Room 305 was found around the corner from a long and colourful hallway. Upon stepping inside, I was pretty surprised at just how… small the room was.
This is Tokyo, of course, the city of capsule hotels and micro-apartments, where space is at a premium and smaller rooms are the norm rather than the exception. So while I wasn’t at all dissatisfied with my 19-square-metre room, I still needed some time to get used to the limited space available, especially after opening my suitcase and spreading out my items.
The Creators Queen room type is basically one rectangular space, which consists of a queen bed by the window, a small television on its stand, a foldable rack for your suitcase, and an ergonomic desk-and-mini-fridge combo.
The queen bed was comfortable enough for my needs, and I slept very soundly for the night. It probably also helped that I was still in a jet-lagged state, having only arrived in Asia a few days ago.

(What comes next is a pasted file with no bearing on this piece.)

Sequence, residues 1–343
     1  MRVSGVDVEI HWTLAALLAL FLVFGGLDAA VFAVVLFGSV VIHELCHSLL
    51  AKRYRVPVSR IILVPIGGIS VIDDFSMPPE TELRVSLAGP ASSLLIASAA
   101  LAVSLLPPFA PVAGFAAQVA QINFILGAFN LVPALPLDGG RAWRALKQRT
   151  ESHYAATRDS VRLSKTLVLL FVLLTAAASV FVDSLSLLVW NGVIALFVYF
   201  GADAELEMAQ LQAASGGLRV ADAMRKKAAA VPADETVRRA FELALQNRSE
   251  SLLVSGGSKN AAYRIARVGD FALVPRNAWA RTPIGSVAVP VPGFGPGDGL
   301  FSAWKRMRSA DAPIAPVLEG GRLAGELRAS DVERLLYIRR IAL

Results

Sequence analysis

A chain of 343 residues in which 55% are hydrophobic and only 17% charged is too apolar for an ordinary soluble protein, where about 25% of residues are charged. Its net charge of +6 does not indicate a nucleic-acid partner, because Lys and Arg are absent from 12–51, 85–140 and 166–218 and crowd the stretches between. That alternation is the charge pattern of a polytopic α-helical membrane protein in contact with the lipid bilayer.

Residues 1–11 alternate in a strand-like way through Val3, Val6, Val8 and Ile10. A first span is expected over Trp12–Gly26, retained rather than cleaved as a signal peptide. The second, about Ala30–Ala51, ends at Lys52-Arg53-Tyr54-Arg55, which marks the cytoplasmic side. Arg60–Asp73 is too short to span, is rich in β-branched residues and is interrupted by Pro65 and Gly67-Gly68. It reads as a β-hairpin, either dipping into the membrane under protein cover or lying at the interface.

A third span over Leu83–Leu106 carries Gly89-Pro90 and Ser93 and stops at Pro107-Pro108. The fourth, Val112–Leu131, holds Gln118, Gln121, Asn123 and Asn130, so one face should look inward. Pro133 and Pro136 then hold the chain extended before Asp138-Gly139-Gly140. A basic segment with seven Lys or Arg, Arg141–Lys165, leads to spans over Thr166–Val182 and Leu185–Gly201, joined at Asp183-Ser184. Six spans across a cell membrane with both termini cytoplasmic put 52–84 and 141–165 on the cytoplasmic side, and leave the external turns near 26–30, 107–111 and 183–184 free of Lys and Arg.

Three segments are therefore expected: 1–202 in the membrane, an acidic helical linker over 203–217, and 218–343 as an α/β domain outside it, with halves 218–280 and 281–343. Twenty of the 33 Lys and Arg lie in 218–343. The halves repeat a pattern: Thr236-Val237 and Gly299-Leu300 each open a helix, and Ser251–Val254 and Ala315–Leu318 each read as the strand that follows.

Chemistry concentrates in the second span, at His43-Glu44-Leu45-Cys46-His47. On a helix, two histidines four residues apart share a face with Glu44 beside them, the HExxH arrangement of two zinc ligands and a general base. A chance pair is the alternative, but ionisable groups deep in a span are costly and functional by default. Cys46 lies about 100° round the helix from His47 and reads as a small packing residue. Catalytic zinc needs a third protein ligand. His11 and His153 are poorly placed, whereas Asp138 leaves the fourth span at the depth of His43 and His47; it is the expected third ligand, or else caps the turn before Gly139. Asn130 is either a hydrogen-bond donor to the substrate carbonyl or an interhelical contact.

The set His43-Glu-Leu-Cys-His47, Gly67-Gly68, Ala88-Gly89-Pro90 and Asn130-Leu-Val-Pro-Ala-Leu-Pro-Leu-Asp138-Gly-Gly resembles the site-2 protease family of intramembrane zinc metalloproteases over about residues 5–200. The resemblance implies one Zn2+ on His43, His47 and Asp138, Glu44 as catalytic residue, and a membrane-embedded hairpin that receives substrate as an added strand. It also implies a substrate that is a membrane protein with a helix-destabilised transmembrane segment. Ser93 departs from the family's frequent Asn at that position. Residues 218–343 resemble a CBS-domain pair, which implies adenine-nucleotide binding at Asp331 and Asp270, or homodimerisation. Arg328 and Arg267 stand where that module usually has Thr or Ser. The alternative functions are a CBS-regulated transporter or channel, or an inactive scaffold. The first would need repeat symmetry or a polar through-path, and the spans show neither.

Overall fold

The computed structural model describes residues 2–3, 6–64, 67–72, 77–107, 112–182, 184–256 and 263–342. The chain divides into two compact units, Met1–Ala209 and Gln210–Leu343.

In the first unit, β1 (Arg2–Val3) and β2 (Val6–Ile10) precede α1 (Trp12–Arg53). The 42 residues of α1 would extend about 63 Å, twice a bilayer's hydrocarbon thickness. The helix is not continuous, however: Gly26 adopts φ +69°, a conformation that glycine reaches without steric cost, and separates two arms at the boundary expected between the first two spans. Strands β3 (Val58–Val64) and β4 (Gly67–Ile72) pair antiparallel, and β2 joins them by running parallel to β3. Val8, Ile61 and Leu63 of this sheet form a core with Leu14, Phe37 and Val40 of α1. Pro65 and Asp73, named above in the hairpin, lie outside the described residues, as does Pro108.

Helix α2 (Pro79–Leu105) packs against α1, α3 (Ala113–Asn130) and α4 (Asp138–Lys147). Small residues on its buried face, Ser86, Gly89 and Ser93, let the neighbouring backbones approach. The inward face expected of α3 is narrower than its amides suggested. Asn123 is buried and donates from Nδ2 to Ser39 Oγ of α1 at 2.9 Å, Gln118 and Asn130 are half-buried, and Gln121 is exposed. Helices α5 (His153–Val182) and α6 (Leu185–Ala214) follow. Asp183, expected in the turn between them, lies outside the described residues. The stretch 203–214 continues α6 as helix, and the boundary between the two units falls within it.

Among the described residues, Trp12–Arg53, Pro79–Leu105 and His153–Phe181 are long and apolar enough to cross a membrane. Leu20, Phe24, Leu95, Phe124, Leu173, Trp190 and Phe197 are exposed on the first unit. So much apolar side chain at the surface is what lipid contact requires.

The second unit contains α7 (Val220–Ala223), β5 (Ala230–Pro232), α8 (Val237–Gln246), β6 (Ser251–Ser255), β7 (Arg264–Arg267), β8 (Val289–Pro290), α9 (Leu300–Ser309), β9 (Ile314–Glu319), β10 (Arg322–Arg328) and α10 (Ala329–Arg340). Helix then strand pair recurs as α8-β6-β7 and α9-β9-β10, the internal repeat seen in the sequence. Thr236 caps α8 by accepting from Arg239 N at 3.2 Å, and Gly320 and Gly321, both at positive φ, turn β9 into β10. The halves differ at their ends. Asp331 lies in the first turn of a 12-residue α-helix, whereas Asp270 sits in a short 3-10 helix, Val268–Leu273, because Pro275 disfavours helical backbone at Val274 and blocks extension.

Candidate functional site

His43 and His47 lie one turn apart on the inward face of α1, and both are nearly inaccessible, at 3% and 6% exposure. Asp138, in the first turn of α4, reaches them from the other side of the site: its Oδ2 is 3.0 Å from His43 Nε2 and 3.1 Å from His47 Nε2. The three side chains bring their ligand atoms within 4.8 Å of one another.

The desk made for a decent workplace considering the space limitations. Its most useful feature for my stay was probably the landline phone, which I used to call ANA’s lost and found office the following day.
The minibar came with two complimentary bottles of water, but nothing else in terms of snacks or drinks.
Similarly space-constrained as the living and sleeping area was the bathroom. A Japanese-style toilet with bidet, a small sink, and a shower-and-tub combo occupied all of the space, shunting the towel racks and toiletry holders into the very corner.
While it might appear at first glance that a standalone shower would’ve been more suitable in such a small bathroom, it’s my understanding that Japanese people generally prefer having a bathtub instead.
The room’s views weren’t too much to speak of, overlooking a stretch of the Kyobashi street outside. Take a look at the street scene – it’s simply remarkable how clean and orderly everything in Japan seems to be at all times, isn’t it?